1. What is the Prevention of Domestic Violence Act?
The Prevention of Domestic Violence Act applies to a person 18 years of age or older or a person who is an emancipated minor that has been subjected to domestic violence by a spouse, former spouse, or any other person who is a present or former household member. A "victim of domestic violence" also includes any person, regardless of age, who has been subjected to domestic violence by a person with whom the victim has a child, or with whom the victim anticipates having a child, if one of the parties is pregnant. "Victim of domestic violence" also includes any person who has been subjected to domestic violence by a person with whom the victim has had a dating relationship. This means you are a victim of domestic violence if you or the abuser are the parents of any children, whether or not you have ever lived together; you are pregnant with the abuser's child; you and the abuser now live together or have lived together in the past; or you and the abuser now have or did have, at one time, a dating relationship. You and the abuser do not have to be married or girlfriend/boyfriend. He or she can be a family member, your gay or lesbian partner, your roommate, your caretaker, or any other adult who lives with you now or has lived with you.
2. How do I know if I am a victim of domestic violence under this law?
You are a victim of domestic violence if you have experienced any of the following from a person who is over the age of 18 or an emancipated minor: 1. beatings or physical attacks such as kicking, slapping, punching, pushing, hair pulling, or any other physical attack in any other way that causes you harm or fear of harm; 2. threats that make you fear serious injury to yourself or your children (example: "When I come home I'm going to kick you, punch the kids, hurt you."); 3. threats that make you fear for your life (example: "If you don't do what I tell you to do, I'm going to kill you."); 4. imprisonment within your own home or at another location (example: A person locks you in your home, in a room, in a closet, in an automobile, for any period of time); 5. kidnaping (example: You are taken against your will from your home, place of business, or anywhere else and not permitted to leave.); 6. sexually assaulted where you are forced to have sexual contact or raped under threats of harm to yourself or someone else. This can also include unwanted sexual touching or if the perpetrator exposes his genitals.; 7. damage to your personal property; 8. forced entry into your home, with or without a weapon; 9. theft of your personal belongings; 10. threats against you with a weapon such as a gun, knife, machete, baseball bat, or any other object that you feel can harm you; 11. repeated verbal humiliation and attacks (example: A person calls you obscene names, or calls you stupid, ignorant, dumb, ugly, or other disrespectful names); 12. stalking you by actions done more than one time that include maintaining you in his sight, repeatedly being in physical proximity to you, repeatedly conveying verbal or written threats or threats implied by his actions, or all of these actions, and these actions cause you to fear bodily injury to you or a member of your family or to fear the death of you or a member of your family.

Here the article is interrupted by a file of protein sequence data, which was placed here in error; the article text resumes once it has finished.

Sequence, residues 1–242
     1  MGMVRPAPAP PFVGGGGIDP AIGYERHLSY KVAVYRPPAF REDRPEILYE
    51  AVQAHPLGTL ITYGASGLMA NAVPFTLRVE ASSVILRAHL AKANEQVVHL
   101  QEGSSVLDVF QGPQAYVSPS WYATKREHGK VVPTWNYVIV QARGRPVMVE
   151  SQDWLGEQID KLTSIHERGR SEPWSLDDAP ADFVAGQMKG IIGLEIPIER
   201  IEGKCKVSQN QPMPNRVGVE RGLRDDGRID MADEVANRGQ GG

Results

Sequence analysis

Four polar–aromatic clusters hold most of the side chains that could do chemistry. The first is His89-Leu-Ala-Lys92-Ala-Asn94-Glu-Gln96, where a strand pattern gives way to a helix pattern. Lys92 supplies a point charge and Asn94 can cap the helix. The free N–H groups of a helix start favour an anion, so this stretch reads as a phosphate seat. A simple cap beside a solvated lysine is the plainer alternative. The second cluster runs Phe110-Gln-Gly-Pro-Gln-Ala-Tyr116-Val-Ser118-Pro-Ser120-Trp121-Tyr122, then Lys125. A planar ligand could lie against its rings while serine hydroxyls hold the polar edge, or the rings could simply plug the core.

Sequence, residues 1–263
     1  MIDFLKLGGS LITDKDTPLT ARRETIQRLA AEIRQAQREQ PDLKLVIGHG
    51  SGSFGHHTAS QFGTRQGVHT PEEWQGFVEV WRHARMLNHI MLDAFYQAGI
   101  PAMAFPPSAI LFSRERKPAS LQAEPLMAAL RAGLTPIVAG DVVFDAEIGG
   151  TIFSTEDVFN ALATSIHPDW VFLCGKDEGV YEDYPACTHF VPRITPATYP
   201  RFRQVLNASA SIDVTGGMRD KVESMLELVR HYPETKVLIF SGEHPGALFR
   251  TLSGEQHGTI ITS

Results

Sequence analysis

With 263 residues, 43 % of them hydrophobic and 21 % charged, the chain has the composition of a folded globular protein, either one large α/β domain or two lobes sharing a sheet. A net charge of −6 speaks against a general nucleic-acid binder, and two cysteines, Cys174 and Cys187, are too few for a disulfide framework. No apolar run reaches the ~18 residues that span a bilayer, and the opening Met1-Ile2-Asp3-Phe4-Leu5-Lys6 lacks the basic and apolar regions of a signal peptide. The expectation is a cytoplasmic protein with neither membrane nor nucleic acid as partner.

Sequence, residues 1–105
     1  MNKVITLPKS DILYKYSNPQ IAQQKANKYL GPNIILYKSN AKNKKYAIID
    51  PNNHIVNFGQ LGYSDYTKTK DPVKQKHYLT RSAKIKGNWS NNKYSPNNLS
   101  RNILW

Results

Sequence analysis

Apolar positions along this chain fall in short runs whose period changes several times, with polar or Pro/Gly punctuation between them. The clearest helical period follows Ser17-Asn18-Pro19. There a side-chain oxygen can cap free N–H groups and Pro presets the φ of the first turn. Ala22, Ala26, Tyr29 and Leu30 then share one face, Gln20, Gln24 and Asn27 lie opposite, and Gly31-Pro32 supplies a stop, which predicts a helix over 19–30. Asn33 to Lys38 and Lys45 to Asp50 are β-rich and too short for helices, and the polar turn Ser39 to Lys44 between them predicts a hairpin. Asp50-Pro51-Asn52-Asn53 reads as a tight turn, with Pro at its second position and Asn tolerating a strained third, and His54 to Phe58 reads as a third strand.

3. Will anyone be arrested?
A police officer must arrest the person you state perpetrated the acts of domestic violence against you, even if you do not want her/him arrested and even if you do not want to file a complaint against the person who committed these acts, if: (1) you exhibit any signs of injury; (2) the perpetrator has violated a previous Domestic Violence Restraining Order; (3) there is probable cause that a weapon has been involved in the commission of the act of domestic violence; (4) there is a warrant for the abuser's arrest on any other charge. A police officer may arrest the person who committed the act of domestic violence against you if you exhibit no visible signs of injury but you have told him/her what happened and have advised him/her that an injury has occurred. The injuries could be internal and painful or the injury could be on an area of your body that you do not feel comfortable exposing to the officer. If you act with reasonable force to protect yourself from the attacker, and you and the attacker both show signs of injury, you should not be arrested or charged with a domestic violence offense. The officer at the scene should consider the nature and extent of the injuries, along with any previous history of reported domestic violence incidents. It is very important for you to tell the police officer if weapons were used to injure you or threaten you, and where the weapons are located. It is very important for you to tell the police officer what happened, what your injuries are and if there were previous acts of domestic violence against you by your attacker or previous reports of attacks, or if there is a Domestic Violence Order already in place.
4. What if a weapon was used during an act of domestic violence?
If a police officer at the scene has reason to believe a weapon was used during an act of domestic violence, the officer must arrest the suspect and seize any weapons on the premises that could expose you to further harm. The officer must also sign a criminal complaint in this instance. Seized weapons are turned over to the county prosecutor's office. If the prosecutor does not institute a legal action within 45 days to retain the weapon(s) seized, they may be returned to the owner.Continue Reading